The plan is to cross the valley where the hamlet of Howtown nestles among fields of new-mown hay, climb 350 metres (1,150ft) up the front of Loadpot Hill with the afternoon sun burning my back, and continue the high-level walk towards Pooley Bridge.
I raise my eyes – squinting through stinging sweat – to the steep bracken slope soaring towards scattered crags high above me, and the plan alters. There is no way on this earth I’m even going to attempt Loadpot Hill in this heat.
So I crack open a third bottle of water and take a path that skirts along the ridge beneath the rough ground, following a wall marking the upper limit of the intak fields. Another wise decision, it transpires.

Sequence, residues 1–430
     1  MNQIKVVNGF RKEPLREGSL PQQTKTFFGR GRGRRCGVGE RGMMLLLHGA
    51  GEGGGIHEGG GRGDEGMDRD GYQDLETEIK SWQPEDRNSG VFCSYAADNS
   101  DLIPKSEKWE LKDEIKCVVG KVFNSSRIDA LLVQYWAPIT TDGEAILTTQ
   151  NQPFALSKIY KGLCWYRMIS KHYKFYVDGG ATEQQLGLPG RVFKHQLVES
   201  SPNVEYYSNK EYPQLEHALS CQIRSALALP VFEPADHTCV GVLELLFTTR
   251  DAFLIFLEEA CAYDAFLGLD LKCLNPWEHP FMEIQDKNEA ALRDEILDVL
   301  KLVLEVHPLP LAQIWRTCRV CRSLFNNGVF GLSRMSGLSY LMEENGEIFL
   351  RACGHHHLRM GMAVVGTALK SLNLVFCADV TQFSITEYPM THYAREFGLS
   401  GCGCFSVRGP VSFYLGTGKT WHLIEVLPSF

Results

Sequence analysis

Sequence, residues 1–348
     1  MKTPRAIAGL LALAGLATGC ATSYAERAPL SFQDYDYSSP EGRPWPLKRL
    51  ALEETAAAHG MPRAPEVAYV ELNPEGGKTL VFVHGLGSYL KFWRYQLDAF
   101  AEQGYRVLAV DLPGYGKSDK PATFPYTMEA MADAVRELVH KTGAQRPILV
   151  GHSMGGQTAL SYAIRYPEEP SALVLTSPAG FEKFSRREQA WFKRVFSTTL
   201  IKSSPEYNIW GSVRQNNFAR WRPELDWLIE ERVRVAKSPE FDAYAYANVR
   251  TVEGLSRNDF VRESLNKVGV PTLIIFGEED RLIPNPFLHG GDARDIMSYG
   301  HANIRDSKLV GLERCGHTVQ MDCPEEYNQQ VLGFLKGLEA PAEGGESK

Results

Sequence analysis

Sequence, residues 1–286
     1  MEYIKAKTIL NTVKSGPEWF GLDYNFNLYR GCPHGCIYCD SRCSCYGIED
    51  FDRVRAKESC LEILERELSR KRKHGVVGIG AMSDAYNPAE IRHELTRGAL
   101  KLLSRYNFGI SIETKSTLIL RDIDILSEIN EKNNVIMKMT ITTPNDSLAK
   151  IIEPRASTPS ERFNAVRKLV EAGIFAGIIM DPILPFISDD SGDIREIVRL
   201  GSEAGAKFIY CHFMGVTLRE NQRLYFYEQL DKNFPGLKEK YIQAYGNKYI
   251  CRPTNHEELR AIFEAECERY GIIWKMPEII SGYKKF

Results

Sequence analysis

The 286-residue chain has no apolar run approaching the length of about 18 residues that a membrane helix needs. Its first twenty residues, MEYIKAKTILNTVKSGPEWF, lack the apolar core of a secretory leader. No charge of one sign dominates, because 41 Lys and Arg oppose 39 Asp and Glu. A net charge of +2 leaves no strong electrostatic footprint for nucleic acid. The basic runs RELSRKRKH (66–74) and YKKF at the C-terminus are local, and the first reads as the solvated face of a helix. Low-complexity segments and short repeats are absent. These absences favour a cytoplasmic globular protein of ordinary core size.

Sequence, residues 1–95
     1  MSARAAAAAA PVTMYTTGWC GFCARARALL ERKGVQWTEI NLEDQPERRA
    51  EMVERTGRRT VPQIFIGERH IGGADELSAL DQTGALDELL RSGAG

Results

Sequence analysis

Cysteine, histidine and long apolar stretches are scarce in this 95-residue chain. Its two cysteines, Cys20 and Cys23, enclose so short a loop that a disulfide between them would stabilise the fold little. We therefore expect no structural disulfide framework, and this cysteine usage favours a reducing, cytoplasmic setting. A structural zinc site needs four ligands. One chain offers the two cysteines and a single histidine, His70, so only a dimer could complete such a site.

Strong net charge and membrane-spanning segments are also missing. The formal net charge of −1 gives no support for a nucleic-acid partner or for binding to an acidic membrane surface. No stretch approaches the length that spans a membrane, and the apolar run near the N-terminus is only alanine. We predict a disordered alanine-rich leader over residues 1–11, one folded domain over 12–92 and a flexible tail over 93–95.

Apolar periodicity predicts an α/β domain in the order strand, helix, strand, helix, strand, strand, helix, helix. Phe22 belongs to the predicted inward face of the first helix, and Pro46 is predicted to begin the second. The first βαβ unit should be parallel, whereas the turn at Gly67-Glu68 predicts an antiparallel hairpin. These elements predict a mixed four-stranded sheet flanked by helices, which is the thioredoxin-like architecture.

Those Edwardians had it easy. Gentle strolls in an afternoon sun; cool beers in a wayside tavern where a subservient publican calls you Sir; a glance at the Times to see where the Kaiser’s holidaying; a spot of naked Turkish wrestling on the Axminster in front of the fire. But I don’t think it was like that all the time.
My Edwardian reality is a shirt so wet it would shuffle shamefully into a corner and beg to be shot if I threw it to the ground; a wide-brimmed hat that’s stained and frayed; and toes that turn up with cramp when I remove my boots in the centre of a hot, sticky and bustling Pooley Bridge. No one calls you Sir in Pooley Bridge, by the way.
Still, at least I saved £7 on the parking. That’s a year’s wages in Edwardian times.